Question: Tumor Rna Expression Databases
gravatar for Ashwin
9.1 years ago by
Ashwin70 wrote:

Looking for tumor RNA profile databases where I can study and compare expression levels of various levels of repair genes.

gene database expression cancer • 6.0k views
ADD COMMENTlink modified 4.4 years ago by Biostar ♦♦ 20 • written 9.1 years ago by Ashwin70
gravatar for David Quigley
9.1 years ago by
David Quigley11k
San Francisco
David Quigley11k wrote:

To download microarray data, the first stop is GEO Datasets ( You can search by tumor type, organism, platform, pubmed ID etc. Anyone publishing microarray data has to make it publically available, and that is the most popular place. There is also the ArrayExpress website for those who prefer the EBI (, though I tend to find ArrayExpress to be a subset (albeit a slicker looking subset) of GEO. You can browse the normalized data directly on some of the GEO datasets without even downloading, though it's straightforward to pull the data directly from their FTP site or via various tools such as R.

ADD COMMENTlink written 9.1 years ago by David Quigley11k

[?] The GEOmetadb and GEOquery BioConductor packages can be useful for searching and pulling into R, respectively. [?]

ADD REPLYlink written 8.8 years ago by Sean Davis25k

You can do specialized blast on GEO (link in BLAST homepage).

ADD REPLYlink written 8.6 years ago by Mavj20

I was told that the reason Arrayexpress is a subset of GEO is that they make their content easily available to GEO to include while that is not done the other way around. That is something you should keep in mind when submitting data to any of them. I prefer not to punish a data provider for a more Open Data approach.

ADD REPLYlink written 8.6 years ago by Chris Evelo10.0k
gravatar for Fred Fleche
9.1 years ago by
Fred Fleche4.3k
Paris, France
Fred Fleche4.3k wrote:

You can also try to correlate these expressions to the Amplification data provided by the CONAN tool available at the Sanger website.

ADD COMMENTlink modified 6 weeks ago by RamRS24k • written 9.1 years ago by Fred Fleche4.3k
gravatar for D. Puthier
9.1 years ago by
D. Puthier320
D. Puthier320 wrote:

Have a look at: - geneSapiens - ArrayExpress - oncomine - TBrowser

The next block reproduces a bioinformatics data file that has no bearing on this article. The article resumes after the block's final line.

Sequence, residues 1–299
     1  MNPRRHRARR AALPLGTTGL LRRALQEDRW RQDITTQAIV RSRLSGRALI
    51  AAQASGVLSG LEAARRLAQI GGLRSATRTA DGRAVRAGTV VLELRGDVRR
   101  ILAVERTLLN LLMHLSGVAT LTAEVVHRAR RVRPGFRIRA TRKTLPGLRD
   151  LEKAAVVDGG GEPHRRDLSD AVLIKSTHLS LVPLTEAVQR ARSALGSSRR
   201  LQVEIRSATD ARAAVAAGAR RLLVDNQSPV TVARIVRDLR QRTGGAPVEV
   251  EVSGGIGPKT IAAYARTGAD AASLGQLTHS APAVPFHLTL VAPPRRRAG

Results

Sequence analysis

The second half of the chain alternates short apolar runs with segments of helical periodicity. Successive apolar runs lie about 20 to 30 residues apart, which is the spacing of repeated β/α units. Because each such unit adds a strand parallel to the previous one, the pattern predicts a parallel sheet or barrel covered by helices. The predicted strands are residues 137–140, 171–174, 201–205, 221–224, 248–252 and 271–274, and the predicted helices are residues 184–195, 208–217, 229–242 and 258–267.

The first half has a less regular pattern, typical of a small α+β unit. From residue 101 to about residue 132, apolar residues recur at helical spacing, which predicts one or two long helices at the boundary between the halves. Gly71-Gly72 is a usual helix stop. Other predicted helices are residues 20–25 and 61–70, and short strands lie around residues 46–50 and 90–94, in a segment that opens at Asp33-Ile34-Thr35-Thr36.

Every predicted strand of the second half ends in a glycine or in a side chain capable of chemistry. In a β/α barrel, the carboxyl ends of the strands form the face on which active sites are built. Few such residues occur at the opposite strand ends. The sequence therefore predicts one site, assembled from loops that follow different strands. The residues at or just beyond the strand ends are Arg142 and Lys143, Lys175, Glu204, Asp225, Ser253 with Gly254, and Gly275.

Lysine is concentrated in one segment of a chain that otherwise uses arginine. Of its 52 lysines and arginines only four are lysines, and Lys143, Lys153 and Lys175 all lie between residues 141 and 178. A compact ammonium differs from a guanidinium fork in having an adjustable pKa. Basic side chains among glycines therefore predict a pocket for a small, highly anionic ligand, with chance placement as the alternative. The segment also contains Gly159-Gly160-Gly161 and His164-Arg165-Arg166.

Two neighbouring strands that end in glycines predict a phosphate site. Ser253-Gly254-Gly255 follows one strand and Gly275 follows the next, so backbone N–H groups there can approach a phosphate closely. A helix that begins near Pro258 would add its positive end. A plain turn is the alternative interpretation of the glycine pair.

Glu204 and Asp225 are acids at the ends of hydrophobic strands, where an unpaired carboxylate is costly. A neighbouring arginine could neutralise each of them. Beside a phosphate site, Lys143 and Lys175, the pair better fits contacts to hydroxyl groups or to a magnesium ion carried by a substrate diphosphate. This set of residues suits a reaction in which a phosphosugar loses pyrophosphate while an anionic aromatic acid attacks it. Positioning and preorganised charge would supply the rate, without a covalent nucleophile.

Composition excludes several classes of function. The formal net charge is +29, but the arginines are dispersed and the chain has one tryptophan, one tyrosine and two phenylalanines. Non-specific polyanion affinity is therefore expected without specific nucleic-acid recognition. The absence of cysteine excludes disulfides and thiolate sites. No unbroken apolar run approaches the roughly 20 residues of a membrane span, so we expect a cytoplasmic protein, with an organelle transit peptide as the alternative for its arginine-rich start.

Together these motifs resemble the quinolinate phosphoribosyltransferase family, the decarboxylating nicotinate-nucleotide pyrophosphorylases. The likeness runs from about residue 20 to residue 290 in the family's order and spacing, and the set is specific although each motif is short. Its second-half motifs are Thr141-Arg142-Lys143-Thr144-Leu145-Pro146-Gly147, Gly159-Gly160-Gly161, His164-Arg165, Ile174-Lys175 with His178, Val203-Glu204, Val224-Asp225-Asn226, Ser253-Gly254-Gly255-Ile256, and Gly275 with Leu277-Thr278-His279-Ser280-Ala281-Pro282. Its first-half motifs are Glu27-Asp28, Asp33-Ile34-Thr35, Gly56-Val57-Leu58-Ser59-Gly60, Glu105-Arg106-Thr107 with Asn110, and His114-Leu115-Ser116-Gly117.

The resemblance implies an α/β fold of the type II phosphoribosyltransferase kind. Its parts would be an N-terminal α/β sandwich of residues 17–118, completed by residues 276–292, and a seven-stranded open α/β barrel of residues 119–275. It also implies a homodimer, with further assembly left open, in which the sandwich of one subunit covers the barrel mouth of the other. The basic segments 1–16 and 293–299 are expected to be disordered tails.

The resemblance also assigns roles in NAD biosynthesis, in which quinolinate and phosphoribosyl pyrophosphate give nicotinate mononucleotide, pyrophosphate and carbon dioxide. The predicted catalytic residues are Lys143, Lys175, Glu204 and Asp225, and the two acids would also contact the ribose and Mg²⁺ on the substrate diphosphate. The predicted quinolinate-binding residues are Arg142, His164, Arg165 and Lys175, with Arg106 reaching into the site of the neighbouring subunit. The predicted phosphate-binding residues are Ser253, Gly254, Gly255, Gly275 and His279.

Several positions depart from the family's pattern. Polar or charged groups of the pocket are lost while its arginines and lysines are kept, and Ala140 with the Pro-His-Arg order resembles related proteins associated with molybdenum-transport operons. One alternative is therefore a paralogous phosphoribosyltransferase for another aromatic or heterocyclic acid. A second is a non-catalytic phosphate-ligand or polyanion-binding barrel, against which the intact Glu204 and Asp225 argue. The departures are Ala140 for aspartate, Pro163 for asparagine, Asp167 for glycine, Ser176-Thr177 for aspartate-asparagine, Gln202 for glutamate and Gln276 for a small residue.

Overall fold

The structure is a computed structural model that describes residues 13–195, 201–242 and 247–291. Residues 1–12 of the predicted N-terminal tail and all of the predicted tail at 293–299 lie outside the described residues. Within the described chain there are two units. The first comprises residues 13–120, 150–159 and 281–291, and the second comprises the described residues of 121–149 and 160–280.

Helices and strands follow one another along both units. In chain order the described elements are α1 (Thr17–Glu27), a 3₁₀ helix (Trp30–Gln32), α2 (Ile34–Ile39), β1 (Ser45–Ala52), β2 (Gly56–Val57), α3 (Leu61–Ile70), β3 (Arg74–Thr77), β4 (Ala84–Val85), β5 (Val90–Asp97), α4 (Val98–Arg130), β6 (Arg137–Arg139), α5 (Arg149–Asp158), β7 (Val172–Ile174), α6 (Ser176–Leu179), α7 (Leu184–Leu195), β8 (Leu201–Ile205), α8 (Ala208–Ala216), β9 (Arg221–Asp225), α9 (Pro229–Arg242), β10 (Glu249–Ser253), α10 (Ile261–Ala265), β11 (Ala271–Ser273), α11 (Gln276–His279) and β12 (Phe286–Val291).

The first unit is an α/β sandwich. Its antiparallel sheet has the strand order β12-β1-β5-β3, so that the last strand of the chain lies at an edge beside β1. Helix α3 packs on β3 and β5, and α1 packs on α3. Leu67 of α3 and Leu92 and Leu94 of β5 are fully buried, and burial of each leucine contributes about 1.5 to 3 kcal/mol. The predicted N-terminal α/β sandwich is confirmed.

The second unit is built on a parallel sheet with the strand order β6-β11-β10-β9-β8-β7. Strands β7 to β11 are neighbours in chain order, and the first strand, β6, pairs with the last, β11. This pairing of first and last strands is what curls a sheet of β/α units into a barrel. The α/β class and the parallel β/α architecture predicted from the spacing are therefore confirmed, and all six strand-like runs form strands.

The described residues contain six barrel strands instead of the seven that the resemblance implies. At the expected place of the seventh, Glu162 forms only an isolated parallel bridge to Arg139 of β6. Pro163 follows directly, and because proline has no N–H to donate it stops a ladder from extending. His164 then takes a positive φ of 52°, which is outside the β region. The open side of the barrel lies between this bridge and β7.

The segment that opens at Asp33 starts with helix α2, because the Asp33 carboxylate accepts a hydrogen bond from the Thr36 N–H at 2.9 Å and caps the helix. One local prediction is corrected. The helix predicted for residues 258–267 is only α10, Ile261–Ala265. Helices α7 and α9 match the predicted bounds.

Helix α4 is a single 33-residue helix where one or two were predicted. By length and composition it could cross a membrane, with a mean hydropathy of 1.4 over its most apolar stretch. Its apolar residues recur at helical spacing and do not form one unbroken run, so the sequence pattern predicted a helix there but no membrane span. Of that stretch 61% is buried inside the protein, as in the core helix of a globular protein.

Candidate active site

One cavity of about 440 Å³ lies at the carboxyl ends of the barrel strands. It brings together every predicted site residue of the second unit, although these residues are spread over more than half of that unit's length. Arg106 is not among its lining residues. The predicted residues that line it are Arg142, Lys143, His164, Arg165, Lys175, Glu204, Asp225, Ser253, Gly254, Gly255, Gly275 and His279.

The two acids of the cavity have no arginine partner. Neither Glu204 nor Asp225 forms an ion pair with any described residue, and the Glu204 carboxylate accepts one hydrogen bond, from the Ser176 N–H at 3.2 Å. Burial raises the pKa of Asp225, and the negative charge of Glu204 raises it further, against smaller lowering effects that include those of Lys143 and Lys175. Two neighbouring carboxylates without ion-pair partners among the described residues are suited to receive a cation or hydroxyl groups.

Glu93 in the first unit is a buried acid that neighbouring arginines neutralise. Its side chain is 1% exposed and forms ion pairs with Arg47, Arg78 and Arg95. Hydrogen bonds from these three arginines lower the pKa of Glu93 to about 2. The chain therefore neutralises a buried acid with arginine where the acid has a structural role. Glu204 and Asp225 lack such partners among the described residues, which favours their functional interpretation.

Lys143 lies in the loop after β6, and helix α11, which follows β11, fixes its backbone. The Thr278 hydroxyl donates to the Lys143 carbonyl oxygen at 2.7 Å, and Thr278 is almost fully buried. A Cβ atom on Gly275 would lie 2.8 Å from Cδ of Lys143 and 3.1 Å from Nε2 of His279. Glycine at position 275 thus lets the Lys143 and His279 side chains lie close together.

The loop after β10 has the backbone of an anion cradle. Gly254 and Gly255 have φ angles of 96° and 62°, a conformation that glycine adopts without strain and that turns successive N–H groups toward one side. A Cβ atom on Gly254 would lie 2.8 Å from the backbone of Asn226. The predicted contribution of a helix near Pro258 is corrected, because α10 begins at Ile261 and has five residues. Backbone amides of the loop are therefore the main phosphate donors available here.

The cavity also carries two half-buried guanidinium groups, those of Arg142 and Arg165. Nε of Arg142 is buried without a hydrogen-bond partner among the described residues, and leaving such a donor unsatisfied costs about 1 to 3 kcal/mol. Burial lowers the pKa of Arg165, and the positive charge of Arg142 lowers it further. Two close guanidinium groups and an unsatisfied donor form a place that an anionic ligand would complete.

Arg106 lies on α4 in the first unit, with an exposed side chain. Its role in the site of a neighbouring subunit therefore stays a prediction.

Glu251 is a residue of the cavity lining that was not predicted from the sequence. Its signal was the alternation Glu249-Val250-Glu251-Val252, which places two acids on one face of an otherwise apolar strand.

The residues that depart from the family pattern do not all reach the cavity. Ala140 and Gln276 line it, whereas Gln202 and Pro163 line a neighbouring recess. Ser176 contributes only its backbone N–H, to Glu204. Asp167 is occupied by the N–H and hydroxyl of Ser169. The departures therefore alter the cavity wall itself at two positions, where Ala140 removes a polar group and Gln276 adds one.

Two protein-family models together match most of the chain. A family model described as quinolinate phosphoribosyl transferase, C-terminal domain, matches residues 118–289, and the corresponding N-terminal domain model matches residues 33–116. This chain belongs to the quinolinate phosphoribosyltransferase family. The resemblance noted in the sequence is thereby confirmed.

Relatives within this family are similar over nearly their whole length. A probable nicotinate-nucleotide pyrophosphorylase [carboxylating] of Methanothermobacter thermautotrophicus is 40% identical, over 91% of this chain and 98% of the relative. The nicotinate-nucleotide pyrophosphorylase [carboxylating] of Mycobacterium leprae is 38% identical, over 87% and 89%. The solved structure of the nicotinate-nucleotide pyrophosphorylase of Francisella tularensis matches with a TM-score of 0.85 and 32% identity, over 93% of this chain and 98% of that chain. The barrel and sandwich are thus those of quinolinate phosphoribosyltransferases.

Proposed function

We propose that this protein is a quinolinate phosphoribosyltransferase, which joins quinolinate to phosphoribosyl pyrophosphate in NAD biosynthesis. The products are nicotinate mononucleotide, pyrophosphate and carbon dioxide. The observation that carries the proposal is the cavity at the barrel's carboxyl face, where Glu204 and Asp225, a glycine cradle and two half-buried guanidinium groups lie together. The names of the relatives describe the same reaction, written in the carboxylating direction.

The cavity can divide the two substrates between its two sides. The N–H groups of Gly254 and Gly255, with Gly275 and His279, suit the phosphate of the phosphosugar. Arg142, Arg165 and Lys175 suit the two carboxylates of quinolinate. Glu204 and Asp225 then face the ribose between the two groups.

ADD COMMENTlink written 9.1 years ago by D. Puthier320
gravatar for Larry_Parnell
8.7 years ago by
Boston, MA USA
Larry_Parnell16k wrote:

One of the most authoritative resources for this is CGAP and CGCI from the (US) National Cancer Institute. The NCI's Cancer Genome Anatomy Project sought to determine the gene expression profiles of normal, precancer, and cancer cells, leading eventually to improved detection, diagnosis, and treatment for the patient. Resources generated by the CGAP initiative are available to the broad cancer community. Interconnected modules provide access to all CGAP data, bioinformatic analysis tools, and biological resources allowing the user to find "in silico" answers to biological questions in a fraction of the time it once took in the laboratory.

There are several links to all types of data and tools: genes, chromosomes, tissues, SAGE Genie, RNAi, pathways and tools.

This should provide you with a lot of data with a specific cancer focus.

ADD COMMENTlink modified 8.6 years ago • written 8.7 years ago by Larry_Parnell16k
gravatar for Philip Zimmermann
5.5 years ago by
Philip Zimmermann40 wrote:

Genevestigator contains a wide compendium of gene expression in cancer. It recently got mapped to the ICD-10 and ICD-O-3 classification. User friendly tools allow you to compare expression across various cancer types and compare with normal, non-tumor tissues.

ADD COMMENTlink written 5.5 years ago by Philip Zimmermann40
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